The focal length of a telescope or camera lens is a parameter that determines the size of objects in the image (Figure 5.8). In conjunction with the film or sensor size, the focal length also determines the field of view.2
2 If you're new to optical diagrams, you may wonder why Figure 5.8 shows rays of light spreading apart while Figure 5.1 shows them coming together. The answer is that Figure 5.1 shows two rays from the same point on a distant object, but Figure 5.8 shows one ray from each of two points some distance apart.
If your telescope is a refractor or Newtonian, the focal length is also the length of the tube (the distance from the lens or mirror to the sensor or film). Technically, the focal length is the distance at which a simple lens forms an image of an infinitely distant object, such as a star.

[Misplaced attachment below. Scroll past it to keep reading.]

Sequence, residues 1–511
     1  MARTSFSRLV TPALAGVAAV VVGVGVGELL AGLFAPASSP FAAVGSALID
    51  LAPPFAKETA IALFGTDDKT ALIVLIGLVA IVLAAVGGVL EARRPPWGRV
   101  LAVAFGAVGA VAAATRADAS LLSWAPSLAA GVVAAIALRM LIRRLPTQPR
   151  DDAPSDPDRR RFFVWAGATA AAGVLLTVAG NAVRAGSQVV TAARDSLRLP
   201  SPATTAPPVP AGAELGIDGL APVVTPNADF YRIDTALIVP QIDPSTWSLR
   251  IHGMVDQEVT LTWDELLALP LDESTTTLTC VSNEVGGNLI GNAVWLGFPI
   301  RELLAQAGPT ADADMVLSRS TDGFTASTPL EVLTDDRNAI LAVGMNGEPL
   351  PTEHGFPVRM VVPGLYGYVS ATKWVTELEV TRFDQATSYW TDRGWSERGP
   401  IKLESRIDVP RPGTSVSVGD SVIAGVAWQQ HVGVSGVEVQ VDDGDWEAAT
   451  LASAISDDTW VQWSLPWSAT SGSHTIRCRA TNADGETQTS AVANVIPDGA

Telescopes in the Cassegrain family have a focal length longer than the actual tube length because the secondary mirror enlarges the image. For example, the popular 8-inch (20-cm) f /10 Schmidt-Cassegrain packs a 2000-mm focal length into a telescope tube about 500 mm long.
The way a camera is coupled to a telescope affects the focal length of the resulting system (Table 5.1). With direct coupling, you use the telescope at its inherent focal length, unmodified. Positive projection and afocal coupling usually increase the focal length; negative projection always does. Compression always reduces it.
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